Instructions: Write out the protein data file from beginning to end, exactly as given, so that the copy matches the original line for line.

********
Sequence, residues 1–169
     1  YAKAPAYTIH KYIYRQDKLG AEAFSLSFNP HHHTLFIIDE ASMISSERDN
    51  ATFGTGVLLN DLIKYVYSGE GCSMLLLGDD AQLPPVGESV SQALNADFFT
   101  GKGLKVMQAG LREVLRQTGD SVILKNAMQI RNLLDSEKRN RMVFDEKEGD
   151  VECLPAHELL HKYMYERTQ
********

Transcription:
Sequence, residues 1–169
     1  YAKAPAYTIH KYIYRQDKLG AEAFSLSFNP HHHTLFIIDE ASMISSERDN
    51  ATFGTGVLLN DLIKYVYSGE GCSMLLLGDD AQLPPVGESV SQALNADFFT
   101  GKGLKVMQAG LREVLRQTGD SVILKNAMQI RNLLDSEKRN RMVFDEKEGD
   151  VECLPAHELL HKYMYERTQ